Wednesday, February 24, 2016

Beginning the Gardening Adventures (2016)

Daffodils blossom at the base of a fallen snag.
It really is February still, right!?  With this weather, I'd never guess!  On our trip to town this week the kids were hot and stripping off layers, begging to have the windows down in the truck!  We did and it felt SO lovely!  "May means maybe" (may still have more snow and freezing temps)  is what we were always told in AK, so this definite spring so early feels a little foreign yet!
Spring Queen

And things are blooming!  Daffodils and crocuses of course, but also camellias, violets, nettles, mock cherries, and several new to me as well!  So I began to think, "well, maybe I should be growing things now, too?"  And, though slightly early, when I looked at a planting chart for the area (great zoning and scheduling for US here) it could already be time to plant some of the seeds I had OUTSIDE!  I love it!  And I love how we can get hints about the timing of planting based on the wild things growing around us!

So my trusty helpers and I got everything together and got those seeds in some rich dark dirt. Mostly according to the directions, but  when your over-eager assistants are 2 and 4, the depth and spacing measurements are kinda out the window.  We'll see how things go!  This is my first year really trying a container garden, too!  My hope is that we'll be moving to our own plot of land by the end of harvest.  It may be a long stretch, but I can dream, right? =)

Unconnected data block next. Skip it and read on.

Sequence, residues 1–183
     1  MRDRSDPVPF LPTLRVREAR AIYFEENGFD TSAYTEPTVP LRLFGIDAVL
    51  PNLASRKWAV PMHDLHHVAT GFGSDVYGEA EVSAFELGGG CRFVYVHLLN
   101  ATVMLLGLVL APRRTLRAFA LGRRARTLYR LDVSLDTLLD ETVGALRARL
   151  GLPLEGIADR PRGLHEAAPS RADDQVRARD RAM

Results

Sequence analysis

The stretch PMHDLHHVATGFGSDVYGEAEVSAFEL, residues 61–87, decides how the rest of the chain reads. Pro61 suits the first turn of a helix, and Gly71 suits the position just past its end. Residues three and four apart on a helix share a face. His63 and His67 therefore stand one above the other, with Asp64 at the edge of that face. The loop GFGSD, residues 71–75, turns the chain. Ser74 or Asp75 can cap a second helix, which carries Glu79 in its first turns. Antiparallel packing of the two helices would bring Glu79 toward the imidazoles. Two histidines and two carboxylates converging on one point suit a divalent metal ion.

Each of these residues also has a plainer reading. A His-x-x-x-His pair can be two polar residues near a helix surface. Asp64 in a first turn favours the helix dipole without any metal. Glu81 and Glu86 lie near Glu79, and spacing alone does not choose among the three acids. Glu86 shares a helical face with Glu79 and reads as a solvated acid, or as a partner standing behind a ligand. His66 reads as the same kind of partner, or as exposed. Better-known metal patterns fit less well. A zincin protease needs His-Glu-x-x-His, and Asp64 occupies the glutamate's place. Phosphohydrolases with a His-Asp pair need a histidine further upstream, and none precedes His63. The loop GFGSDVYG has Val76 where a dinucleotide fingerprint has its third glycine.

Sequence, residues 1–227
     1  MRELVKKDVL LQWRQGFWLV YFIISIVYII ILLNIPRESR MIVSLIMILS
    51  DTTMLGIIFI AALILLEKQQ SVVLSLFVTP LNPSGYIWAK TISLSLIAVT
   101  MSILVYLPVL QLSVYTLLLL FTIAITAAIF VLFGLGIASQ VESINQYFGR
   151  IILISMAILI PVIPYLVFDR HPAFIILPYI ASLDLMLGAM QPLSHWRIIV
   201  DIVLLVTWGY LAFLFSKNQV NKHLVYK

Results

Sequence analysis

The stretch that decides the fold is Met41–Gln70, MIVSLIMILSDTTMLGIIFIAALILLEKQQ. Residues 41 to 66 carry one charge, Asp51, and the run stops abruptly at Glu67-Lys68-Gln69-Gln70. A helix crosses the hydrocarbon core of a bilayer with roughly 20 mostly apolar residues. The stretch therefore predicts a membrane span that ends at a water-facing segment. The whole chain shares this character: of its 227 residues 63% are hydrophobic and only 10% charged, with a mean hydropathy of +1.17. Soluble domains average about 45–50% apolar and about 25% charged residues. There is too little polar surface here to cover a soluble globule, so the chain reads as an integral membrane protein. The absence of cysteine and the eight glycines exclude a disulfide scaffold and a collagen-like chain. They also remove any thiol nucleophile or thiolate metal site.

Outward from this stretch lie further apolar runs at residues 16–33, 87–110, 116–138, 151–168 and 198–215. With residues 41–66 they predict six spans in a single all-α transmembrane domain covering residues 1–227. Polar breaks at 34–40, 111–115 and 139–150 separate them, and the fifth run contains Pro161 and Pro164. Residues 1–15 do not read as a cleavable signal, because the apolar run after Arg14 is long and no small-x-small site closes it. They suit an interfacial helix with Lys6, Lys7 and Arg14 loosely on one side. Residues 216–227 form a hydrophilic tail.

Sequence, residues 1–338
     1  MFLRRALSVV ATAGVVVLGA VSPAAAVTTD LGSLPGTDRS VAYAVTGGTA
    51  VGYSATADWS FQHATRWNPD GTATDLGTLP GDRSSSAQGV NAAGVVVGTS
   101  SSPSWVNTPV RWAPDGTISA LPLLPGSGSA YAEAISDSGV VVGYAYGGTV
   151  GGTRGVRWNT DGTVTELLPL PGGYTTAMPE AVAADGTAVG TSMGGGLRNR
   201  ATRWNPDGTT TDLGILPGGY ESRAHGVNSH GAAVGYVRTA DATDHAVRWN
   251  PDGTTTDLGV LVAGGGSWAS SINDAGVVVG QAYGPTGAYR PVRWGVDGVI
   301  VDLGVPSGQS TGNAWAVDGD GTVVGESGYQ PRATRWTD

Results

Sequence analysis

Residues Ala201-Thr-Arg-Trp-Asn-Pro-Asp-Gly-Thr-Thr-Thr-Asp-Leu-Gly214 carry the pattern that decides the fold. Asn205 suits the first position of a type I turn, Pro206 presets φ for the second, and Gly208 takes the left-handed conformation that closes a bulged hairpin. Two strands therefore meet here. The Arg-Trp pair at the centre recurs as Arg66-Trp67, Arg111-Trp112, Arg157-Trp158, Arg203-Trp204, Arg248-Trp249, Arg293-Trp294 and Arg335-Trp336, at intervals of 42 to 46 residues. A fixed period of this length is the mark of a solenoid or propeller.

It's good to coat my hands in earth again!
So once we planted and "tucked in" our seeds (for whatever reason, burying them was too traumatic, so we just tucked them in their dirt beds and bid them a nice nap! =) ) it was time to water them.  Out came their water buckets and certainly washed away a section of our broccoli before it even had a chance!  I quickly stopped that method and we pulled a couple milk jugs out of the recycling bin. 

With a few holes hammered into the lids and filled with water, they made perfect watering cans for the little ones: a manageable size that only released a drizzle instead of a deluge of water at once!  Now we wait!  I can't wait to be growing our own food again!

Any hints for a new Oregon gardener  wannabe?  Every thing seems so simple here as a whole!  I'm comparing this to my Fairbanks garden where I had to dig several feet through peat moss to the permafrost, build a frame for my garden and line the bottom with 2" insulation, fill with dirt and surround with a fence to keep the arctic hares out all while fighting the swarms of mosquitos.  Then every year our neighborhood moose and her calf(s) would eat the majority before I could harvest it!  SO infuriating!  I've been told the deer are an issue here, and I remember the slugs; is there anything else I should be aware of?  I look forward to hearing your gardening adventures!

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